Basic dog obedience
A well behaved dog will have a much better quality of life, as its owners will want to spend more time with it and it will be much better behaved out in public. You should teach basic obedience to your dog from a very young age, as it will help you to manage your dog so that it does not create a nuisance or danger to other people, animals and wildlife.
It is a good idea to attend a gentle, positive methods obedience class with a certified trainer. Your dog will learn to listen and develop social skills with other dogs. Dogs learn from rewarded repetition by you teaching them to do something right and then rewarding with praise, a pat and/or a treat. Here are some basic commands to teach your dog:
Walking on a leash
All dogs should know how to walk politely on a loose leash. Take your dog for a walk, as soon as the dog pulls ahead of you and the leash goes tight, stop walking – don’t speak, don’t jerk the leash, just stand still. Your dog will realise that nothing is happening, stop pulling, and turn to look at you. Then you can continue walking, either in the same or different direction. Praise your dog when the leash is loose and repeat every time the leash goes tight. Your dog will soon learn that if it pulls, it won’t be going anywhere.
When you feed your dog, have someone hold the dog a distance away from you and the food. When you say “COME” get them to release the dog. When your dog gets to you, feed it immediately. When you are walking in a public place, this command must be taught on a leash because if your dog gets distracted, you will just get hoarse from calling out and your dog will learn to ignore you.
Walk along with your dog on a leash (a long retractable one is best), then run backwards a few steps while calling “COME” in a polite but definite tone of voice. If your dog is turned away from you, give one light tug and release on the leash to get it to turn and come towards you. Praise your dog all the way, reward and resume walking. Repeat this command 10-20 times per walk.
As your dog responds, gradually increase the level of distraction, while still on a leash. Try calling your dog while it is playing with another dog, reward, and release to play some more. Once your dog comes on your call, you can take it to one of Council’s off leash areas. If your dog does not respond immediately, retrieve and leash it. Remember to always make it a pleasant experience when your dog comes to you, as you don’t want your dog to ignore you or avoid you.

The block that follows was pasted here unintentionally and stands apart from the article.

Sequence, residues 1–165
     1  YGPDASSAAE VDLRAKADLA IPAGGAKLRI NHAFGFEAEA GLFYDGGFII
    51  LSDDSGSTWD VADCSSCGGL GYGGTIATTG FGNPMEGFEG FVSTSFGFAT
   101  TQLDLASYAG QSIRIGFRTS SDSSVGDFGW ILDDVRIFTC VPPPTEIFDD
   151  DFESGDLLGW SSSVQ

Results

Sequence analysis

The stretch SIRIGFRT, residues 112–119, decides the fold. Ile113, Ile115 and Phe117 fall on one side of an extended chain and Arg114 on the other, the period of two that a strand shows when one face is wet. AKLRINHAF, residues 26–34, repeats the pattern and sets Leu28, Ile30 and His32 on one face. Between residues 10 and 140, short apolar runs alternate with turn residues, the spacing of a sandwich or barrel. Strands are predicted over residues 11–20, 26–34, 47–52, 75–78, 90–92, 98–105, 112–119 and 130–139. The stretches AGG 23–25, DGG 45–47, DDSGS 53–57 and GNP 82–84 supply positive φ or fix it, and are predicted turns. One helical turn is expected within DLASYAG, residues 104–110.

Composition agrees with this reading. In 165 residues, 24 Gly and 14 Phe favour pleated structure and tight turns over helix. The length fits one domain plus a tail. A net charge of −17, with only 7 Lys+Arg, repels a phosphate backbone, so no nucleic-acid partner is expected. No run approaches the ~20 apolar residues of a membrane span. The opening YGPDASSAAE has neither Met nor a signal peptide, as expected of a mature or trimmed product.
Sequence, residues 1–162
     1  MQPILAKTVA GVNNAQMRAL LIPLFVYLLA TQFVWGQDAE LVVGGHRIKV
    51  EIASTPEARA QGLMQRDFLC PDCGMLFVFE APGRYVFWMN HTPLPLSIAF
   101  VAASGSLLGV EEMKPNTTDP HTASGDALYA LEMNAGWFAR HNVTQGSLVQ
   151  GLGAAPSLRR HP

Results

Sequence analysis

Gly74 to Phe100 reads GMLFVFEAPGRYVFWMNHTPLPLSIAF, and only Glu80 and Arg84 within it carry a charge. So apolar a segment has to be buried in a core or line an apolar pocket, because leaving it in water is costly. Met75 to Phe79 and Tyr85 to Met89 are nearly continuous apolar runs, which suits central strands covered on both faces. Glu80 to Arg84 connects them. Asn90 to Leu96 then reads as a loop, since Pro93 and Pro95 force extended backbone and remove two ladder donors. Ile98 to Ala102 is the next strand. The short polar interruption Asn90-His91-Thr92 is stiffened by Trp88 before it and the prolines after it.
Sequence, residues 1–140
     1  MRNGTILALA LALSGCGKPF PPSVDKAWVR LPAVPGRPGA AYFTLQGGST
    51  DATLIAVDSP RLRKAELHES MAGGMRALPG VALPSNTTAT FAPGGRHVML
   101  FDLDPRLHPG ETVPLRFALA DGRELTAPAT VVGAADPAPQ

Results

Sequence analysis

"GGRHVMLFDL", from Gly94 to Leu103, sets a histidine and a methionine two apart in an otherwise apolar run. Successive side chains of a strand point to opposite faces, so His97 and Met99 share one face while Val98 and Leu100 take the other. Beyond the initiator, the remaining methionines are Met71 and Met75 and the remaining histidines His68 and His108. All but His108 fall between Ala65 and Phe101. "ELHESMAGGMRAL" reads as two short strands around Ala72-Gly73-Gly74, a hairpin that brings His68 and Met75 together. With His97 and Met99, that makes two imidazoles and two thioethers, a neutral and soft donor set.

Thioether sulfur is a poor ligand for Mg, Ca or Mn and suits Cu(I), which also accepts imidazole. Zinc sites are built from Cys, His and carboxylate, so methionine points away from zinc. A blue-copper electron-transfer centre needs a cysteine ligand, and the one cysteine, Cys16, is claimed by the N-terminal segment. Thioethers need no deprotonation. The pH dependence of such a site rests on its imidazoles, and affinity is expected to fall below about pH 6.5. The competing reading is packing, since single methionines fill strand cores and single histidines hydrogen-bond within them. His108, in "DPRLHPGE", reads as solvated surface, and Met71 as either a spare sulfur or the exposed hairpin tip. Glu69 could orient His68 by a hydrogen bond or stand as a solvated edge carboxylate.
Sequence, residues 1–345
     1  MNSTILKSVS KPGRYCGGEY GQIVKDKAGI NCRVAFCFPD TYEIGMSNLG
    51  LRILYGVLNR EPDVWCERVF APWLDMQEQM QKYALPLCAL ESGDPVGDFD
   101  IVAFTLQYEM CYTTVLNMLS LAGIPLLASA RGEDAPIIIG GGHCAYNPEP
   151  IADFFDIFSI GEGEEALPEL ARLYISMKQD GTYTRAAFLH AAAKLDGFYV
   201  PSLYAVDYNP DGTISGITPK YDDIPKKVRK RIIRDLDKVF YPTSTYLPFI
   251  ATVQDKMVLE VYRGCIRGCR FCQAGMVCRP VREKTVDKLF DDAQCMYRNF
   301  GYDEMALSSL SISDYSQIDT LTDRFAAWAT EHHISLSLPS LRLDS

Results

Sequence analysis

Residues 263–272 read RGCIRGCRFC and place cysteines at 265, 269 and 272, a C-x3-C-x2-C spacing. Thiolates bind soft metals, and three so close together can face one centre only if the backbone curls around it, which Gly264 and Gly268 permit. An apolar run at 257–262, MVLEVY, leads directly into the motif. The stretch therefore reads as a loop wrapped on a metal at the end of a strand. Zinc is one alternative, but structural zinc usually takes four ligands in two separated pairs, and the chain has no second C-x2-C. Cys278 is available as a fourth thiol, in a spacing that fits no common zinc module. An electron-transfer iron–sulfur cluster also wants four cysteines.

Hold a piece of food close to your dog’s nose, and slowly move it back and forth over its head so your dog will rock backwards into a sitting position. Reward your dog instantly with the treat and praise. Repeat this action several times.
As your dog responds, continue the same action but without food. If your dog follows your empty hand into a sitting position, praise immediately and give it a treat from your pocket.
Now say the word “SIT” and move your hand so the dog follows it into a sitting position, then give a treat. Repeat until your dog starts to sit when it hears the command and gradually phase out the hand action.
Hold a piece of food close to your dog’s nose while in a sitting position. Slowly lower your hand down to the ground and away from your dog. When your dog drops down to take the reward and its body length is on the ground, praise immediately and let it take the treat.
As your dog responds, continue the same action but without food. If your dog follows your empty hand into a drop position, praise immediately and give it a treat from your pocket.
Now say the word “DROP” and move your hand so the dog follows it into a drop position, then give a treat. Repeat until your dog starts to drop when it hears the command, and gradually phase out the hand action.
This is a useful command as a dog in a drop position finds it hard to bark or show aggression.
Start with your dog in the sit or drop position, facing you and make eye contact. Raise your hand in a stop signal and say the word “STAY” and take one step away. If your dog stays in position, step back to your dog, praise immediately and give it a treat from your pocket. Repeat until your dog starts to stay when it hears the command and gradually phase out the hand action.
Now teach your dog a release word to let it know that it’s free to change position. Say the word “OK” at the end of each stay command and release for some play time.
As your dog responds, gradually increase the distance and time that your dog stays in position, then give a treat. Gradually increase the level of distraction, so your dog learns to comply even if there is something else going on.
Remember to be consistent and keep training on a regular basis until your dog understands and responds to these basic commands.